By Tierney Sneed
Updated: Fri, 22 Oct 2021 12:11:52 GMT
The House Judiciary Committee, known for its combativeness, had the opportunity Thursday to question Attorney General Merrick Garland for the first time since he took his perch atop the Justice Department.
Republicans repeatedly battered Garland with sensational claims that the department was treating parents like "domestic terrorists" with a recent memo outlining steps DOJ was taking to address threats of violence against local school officials.
Democrats defended Garland from those and other GOP critiques, but had a few matters they sought to grill Garland about as well -- including the department's approach to civil rights issues and its handling of a defamation case against former President Donald Trump.
Here are the takeaways from Thursday's hearing:
Garland defuses the Bannon criminal referral bomb
One of the most scrutinized decision that Garland will face as attorney general was about to fall in his lap as the hearing was unfolding, with the House also moving towards approving criminal contempt resolution against Steve Bannon. That move puts before Garland a decision on whether to prosecute the adviser to former President Donald Trump for his refusal to cooperate in the House's January 6 insurrection investigation.
Chairman Jerry Nadler referenced that referral and others the DOJ may be receiving from the House's Capitol insurrection investigation in an early question for Garland.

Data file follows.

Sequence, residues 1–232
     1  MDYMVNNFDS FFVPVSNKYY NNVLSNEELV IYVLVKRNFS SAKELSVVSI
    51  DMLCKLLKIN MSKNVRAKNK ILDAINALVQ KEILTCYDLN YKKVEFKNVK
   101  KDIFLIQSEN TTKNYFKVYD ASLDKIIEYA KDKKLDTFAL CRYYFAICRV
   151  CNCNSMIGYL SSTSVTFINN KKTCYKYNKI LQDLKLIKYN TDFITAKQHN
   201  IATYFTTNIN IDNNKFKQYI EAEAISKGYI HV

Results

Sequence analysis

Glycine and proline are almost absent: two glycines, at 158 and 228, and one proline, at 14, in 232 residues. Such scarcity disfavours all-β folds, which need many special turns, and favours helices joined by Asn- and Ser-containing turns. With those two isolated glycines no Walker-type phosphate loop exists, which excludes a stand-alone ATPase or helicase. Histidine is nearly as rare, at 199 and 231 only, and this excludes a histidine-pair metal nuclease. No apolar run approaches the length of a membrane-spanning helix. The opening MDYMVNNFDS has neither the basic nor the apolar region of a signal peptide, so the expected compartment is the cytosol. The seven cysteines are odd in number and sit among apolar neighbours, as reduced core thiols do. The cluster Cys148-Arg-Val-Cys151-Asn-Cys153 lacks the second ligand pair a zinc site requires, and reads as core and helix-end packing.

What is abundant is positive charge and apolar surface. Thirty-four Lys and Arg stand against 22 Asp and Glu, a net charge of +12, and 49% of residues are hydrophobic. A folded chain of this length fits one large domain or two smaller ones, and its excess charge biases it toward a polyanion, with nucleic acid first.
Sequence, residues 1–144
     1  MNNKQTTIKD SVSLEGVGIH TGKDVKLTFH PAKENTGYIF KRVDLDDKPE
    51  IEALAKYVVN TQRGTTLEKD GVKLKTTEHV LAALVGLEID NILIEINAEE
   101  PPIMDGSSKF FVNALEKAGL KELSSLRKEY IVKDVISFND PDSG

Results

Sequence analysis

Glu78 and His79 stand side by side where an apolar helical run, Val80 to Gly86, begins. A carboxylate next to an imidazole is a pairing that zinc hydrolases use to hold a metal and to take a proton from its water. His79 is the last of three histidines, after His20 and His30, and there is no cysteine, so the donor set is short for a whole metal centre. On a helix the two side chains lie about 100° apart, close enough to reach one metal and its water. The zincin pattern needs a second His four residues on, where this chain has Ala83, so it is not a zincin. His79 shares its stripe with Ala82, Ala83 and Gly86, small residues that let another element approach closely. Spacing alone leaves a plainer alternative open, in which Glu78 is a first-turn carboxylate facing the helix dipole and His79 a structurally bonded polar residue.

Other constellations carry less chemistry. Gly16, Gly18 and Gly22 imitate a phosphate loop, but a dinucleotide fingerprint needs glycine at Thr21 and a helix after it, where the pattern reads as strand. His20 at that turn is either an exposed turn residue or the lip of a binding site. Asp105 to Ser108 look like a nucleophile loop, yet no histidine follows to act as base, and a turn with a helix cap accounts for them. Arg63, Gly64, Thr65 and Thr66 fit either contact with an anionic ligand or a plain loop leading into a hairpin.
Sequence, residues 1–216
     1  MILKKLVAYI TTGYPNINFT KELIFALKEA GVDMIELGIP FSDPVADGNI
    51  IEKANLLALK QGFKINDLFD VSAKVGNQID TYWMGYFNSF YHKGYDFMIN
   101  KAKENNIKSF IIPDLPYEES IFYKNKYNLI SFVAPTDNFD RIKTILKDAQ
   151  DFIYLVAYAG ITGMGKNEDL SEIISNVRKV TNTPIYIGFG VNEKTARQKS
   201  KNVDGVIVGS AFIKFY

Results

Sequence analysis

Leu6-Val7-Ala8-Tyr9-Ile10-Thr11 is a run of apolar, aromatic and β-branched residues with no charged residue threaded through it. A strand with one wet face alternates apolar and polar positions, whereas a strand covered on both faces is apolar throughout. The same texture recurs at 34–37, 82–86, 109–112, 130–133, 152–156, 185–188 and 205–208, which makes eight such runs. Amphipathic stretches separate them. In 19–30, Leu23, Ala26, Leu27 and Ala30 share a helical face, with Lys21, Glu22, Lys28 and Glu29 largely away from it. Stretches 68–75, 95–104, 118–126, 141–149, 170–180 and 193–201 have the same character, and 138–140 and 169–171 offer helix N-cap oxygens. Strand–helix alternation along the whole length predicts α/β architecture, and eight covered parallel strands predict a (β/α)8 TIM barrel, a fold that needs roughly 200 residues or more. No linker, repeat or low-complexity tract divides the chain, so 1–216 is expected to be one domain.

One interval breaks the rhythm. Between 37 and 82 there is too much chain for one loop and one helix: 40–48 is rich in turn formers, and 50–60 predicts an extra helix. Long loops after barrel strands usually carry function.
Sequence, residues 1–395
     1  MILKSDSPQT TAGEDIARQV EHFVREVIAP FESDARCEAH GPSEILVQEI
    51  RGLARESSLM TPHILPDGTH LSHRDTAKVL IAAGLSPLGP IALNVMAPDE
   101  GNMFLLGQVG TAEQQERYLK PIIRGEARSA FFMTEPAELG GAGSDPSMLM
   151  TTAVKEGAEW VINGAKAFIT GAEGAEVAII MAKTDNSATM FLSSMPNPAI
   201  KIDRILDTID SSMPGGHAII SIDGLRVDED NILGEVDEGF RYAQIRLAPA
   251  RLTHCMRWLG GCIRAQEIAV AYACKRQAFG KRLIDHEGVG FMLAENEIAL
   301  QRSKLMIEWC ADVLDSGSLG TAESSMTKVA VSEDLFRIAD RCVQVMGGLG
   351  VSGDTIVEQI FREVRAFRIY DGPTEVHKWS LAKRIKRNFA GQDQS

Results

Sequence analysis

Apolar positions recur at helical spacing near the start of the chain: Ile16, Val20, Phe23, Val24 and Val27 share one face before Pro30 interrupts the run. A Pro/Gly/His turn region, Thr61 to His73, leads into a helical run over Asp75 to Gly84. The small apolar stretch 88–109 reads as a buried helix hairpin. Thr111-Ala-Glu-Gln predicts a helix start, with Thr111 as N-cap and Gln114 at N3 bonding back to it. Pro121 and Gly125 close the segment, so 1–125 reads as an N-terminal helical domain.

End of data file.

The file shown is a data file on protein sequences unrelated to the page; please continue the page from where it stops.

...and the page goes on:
"The Department of Justice will do what it always does in such circumstances, we'll apply the facts and the law and make a decision, consistent with the principles of prosecution," the attorney general said.
Garland received praise from several Democrats about the department's broader criminal investigation into the Capitol breach, though they also questioned him about the pace of those prosecutions.
Garland said that the time the prosecutions have taken "is really not long at all," given the challenges of tracking down the defendants, the amount of discovery in the cases, and the way the pandemic affects court room operations.
Republicans go all in on school board threats memo
The school board memo dominated Republicans' questions. It directed the FBI to convene meetings with state and local officials, and to work on opening lines of communications for reporting threats. The top Republican on the committee, Ohio Rep. Jim Jordan equated the DOJ's approach to creating a "snitch line on parents," while several Republicans suggested that parents were being viewed as "domestic terrorists."
On several occasions, Garland pushed back at the claims, telling the committee that "we are not investigating peaceful protest or parent involvement at school board meetings."
"We are only concerned about violence, threats of violence against school administrators, teachers, staff, people like your mother a teacher, that is what we're worried about," he said. "We are worried about that across the board. We're worried about threats against members of Congress. We're worried about threats against police."
Garland catches Dem flack for handling of Trump defamation case
While he fielded Democratic support for the school board memo, Garland did catch a pointed question about how the department is handling a defamation case against Trump. Under Garland, the Justice Department is continuing to argue that Trump, in the case, should be treated as a government official acting in his official capacity, rather than a private defendant.